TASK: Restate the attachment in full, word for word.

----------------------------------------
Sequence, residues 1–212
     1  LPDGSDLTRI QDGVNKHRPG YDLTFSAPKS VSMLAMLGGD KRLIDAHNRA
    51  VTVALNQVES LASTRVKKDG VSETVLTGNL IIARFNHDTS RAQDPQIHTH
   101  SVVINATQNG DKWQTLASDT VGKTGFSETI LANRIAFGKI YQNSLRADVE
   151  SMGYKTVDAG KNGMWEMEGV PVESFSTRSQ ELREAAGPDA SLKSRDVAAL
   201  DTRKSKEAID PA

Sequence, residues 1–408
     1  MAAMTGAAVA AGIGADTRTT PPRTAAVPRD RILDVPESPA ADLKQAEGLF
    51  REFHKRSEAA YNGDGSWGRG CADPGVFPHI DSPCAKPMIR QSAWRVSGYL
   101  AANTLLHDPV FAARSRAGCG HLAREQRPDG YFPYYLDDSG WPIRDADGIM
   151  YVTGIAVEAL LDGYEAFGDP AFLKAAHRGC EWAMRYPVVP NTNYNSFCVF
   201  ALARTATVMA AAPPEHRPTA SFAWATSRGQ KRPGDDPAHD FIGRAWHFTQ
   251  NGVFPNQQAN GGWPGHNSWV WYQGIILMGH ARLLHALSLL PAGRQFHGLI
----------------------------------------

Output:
Sequence, residues 1–212
     1  LPDGSDLTRI QDGVNKHRPG YDLTFSAPKS VSMLAMLGGD KRLIDAHNRA
    51  VTVALNQVES LASTRVKKDG VSETVLTGNL IIARFNHDTS RAQDPQIHTH
   101  SVVINATQNG DKWQTLASDT VGKTGFSETI LANRIAFGKI YQNSLRADVE
   151  SMGYKTVDAG KNGMWEMEGV PVESFSTRSQ ELREAAGPDA SLKSRDVAAL
   201  DTRKSKEAID PA

Sequence, residues 1–408
     1  MAAMTGAAVA AGIGADTRTT PPRTAAVPRD RILDVPESPA ADLKQAEGLF
    51  REFHKRSEAA YNGDGSWGRG CADPGVFPHI DSPCAKPMIR QSAWRVSGYL
   101  AANTLLHDPV FAARSRAGCG HLAREQRPDG YFPYYLDDSG WPIRDADGIM
   151  YVTGIAVEAL LDGYEAFGDP AFLKAAHRGC EWAMRYPVVP NTNYNSFCVF
   201  ALARTATVMA AAPPEHRPTA SFAWATSRGQ KRPGDDPAHD FIGRAWHFTQ
   251  NGVFPNQQAN GGWPGHNSWV WYQGIILMGH ARLLHALSLL PAGRQFHGLI